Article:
Strawberry Pie – Shanna L

Although she believed passionately in relationships built on trust, Caroline knew that her husband could never know the truth. Nor would he understand why she had lied to him all those years ago.


“My father died when I was 10,” she had confessed one night to the man who would one day be her husband. The two had been dating for a few months and had run the gauntlet of likes and dislikes and past lovers and were now on to family history.

“I’m so sorry,” he said. “That must have been hard for you.”

Caroline frowned and shrugged. “My father wasn’t a nice man. I suppose you could say that I have a lot of intimacy issues that stem from his behavior. It’s taken me a long time to figure out that not all men are like my father.” She reached across the table and grabbed her date’s hand. “I’m glad I did though because otherwise I would have never given you a chance.”

Her husband to be smiled and laced his fingers with hers, the faint stirrings of love shining from his eyes.


Caroline sighed as she remembered that night, the night she lied. The truth was that her father had not died when she was 10, but rather had suffered a debilitating stroke that left him with complete memory loss. That’s what she couldn’t tell her husband and that’s why she lied. Her own father didn’t remember her. He didn’t remember anything from the first half of his life, including Caroline. Oh, she still saw bits and pieces of him though. Sometimes when she looked in the mirror she would see his smile curving back at her. Sometimes she saw his eyes staring at her or the curve of his ear when she turned her head and she looked for him in every customer that walked into her flower shop. But she never saw him and now she imagined that his eyes looked at another family. Maybe he had another daughter who smiled his smile and laughed with his eyes.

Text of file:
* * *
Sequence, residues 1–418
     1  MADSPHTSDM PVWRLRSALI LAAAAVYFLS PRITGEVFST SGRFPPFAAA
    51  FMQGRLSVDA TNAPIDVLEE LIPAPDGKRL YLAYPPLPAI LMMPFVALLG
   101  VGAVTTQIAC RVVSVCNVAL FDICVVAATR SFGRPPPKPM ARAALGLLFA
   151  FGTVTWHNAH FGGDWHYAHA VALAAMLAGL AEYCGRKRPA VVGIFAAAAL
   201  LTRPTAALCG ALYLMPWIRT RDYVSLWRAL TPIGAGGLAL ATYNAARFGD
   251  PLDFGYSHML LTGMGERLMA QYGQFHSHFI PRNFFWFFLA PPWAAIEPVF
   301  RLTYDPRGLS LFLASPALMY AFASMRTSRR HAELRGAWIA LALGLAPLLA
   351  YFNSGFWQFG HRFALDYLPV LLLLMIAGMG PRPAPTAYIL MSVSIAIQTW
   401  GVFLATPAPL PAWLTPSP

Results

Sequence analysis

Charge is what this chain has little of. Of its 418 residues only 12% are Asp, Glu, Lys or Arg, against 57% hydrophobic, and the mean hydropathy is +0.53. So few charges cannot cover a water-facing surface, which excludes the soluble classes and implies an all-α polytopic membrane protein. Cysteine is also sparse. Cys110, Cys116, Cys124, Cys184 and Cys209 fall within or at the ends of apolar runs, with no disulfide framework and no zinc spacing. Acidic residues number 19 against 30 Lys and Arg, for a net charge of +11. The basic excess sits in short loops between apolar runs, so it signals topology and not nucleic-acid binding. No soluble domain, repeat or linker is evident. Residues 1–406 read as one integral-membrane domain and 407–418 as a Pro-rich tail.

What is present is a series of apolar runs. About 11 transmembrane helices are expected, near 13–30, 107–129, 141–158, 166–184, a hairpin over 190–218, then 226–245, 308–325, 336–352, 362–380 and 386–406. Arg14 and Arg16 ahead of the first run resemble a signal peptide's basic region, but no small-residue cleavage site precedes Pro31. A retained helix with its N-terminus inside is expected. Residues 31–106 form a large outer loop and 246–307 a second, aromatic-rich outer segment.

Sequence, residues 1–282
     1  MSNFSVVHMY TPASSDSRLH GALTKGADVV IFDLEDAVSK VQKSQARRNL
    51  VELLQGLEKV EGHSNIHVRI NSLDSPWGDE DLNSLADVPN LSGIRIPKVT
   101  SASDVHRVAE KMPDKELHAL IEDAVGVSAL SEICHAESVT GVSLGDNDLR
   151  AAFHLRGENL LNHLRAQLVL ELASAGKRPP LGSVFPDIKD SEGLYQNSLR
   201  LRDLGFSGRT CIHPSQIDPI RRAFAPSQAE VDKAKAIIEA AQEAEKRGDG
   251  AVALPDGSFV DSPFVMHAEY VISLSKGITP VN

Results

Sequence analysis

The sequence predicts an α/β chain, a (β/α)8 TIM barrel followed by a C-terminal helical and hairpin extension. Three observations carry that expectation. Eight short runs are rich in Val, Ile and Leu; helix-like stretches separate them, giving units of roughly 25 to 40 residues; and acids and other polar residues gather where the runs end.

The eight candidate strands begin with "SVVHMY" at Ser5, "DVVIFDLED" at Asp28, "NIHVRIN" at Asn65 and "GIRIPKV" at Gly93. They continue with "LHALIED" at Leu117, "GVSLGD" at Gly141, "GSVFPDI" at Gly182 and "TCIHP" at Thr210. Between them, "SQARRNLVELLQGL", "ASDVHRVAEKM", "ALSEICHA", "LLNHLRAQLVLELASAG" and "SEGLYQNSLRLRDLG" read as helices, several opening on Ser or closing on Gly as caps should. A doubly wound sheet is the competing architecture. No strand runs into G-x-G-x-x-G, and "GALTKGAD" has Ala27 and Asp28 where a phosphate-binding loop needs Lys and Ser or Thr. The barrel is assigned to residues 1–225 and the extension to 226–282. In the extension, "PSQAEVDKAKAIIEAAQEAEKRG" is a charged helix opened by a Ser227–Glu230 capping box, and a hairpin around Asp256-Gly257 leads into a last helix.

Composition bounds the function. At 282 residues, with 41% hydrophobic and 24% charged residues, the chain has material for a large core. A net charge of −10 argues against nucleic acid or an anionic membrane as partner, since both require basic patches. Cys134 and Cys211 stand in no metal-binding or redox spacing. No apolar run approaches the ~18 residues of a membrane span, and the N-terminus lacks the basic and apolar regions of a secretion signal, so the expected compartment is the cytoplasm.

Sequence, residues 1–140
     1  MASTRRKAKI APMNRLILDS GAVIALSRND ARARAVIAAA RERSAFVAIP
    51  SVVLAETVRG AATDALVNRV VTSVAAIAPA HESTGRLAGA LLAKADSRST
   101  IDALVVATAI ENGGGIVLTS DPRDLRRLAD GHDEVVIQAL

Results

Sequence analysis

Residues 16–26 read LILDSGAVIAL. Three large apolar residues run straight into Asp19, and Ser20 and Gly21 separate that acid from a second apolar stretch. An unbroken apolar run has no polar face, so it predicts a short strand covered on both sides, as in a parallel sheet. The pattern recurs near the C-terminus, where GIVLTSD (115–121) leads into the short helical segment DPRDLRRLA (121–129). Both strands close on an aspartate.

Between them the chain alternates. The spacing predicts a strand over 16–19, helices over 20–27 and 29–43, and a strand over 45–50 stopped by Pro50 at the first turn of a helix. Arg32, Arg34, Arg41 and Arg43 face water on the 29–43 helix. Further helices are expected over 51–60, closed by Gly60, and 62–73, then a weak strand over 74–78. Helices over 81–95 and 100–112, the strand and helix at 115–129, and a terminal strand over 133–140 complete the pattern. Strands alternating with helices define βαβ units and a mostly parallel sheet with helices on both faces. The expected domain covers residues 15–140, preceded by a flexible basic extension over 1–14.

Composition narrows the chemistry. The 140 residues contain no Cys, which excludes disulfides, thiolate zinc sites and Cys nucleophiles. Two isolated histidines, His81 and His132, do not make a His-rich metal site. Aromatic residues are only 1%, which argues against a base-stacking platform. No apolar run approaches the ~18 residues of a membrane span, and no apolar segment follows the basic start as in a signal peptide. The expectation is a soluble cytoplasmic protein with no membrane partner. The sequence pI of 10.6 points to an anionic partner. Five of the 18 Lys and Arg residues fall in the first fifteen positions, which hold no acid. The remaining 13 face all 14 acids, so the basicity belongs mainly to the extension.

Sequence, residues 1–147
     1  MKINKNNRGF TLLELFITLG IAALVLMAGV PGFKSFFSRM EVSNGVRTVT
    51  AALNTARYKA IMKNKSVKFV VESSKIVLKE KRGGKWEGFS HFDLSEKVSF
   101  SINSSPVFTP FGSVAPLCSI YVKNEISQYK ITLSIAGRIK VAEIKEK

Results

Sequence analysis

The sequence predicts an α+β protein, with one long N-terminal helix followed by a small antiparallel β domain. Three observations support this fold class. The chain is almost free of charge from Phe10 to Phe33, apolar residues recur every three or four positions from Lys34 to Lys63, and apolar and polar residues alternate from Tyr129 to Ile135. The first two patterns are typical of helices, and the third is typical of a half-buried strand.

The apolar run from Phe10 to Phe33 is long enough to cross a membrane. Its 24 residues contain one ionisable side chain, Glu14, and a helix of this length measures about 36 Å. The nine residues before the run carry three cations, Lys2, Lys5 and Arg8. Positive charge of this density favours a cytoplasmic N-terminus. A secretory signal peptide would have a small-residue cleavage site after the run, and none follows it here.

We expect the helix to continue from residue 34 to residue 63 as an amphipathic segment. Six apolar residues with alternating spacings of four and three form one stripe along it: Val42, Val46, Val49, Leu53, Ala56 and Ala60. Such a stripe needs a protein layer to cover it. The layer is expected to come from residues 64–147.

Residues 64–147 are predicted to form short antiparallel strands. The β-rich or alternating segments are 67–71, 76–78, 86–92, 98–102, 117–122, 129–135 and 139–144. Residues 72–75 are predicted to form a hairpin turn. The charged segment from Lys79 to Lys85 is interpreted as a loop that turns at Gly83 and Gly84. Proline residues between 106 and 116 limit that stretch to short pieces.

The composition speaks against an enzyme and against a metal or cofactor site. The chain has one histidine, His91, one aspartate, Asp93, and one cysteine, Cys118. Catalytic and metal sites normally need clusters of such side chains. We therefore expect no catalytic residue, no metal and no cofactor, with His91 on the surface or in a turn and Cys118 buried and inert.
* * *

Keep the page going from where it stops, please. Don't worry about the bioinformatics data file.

Even now, she could remember the day it happened. Her mother, Louise, had stood at the kitchen counter, slicing the bright red strawberries and dropping them into the pie crust, her long fingers wielding the knife as she cut. Her hand dipped into the sugar canister and emerged with an over-flowing cup of sparkly white sugar that was sprinkled on top of the pie. Louise opened the oven door, causing a draft of sweltering air to emerge. She slid the pie onto the hot oven rack, closed the door and turned to Caroline.


“The flowers,” she began, “the flowers have been speaking to me, whispering in my ear, telling me their plans. The flowers have been quiet for a while, but now they are telling me that it’s time for your father to leave. “

Caroline watched warily as Louise washed her hands in the sink, the soap bubbles rinsing the red strawberry syrup and sugar coated sweetness away. Flowers? she thought. She looked around the kitchen at the daisies sitting on the counter and the sunflowers in the window, at the orchids sitting next to her on the table. Was her mother talking to the plants? And if so, were the plants replying?

She looked up as Louise came to sit next to her. “Your father doesn’t understand,” she said. “He thinks the flowers are just plants. He doesn’t understand them the way I do.” She stretched her hand out to the orchid next to her. Caroline watched as the orchid seemed to bend and curve closer to Louise’s hand.

“See?” Louise said. “Surely you’ve seen the way the flowers seem to bloom just by you touching them. The way the herbs are so much more potent from our garden. The way the petal colors are so much more brighter.”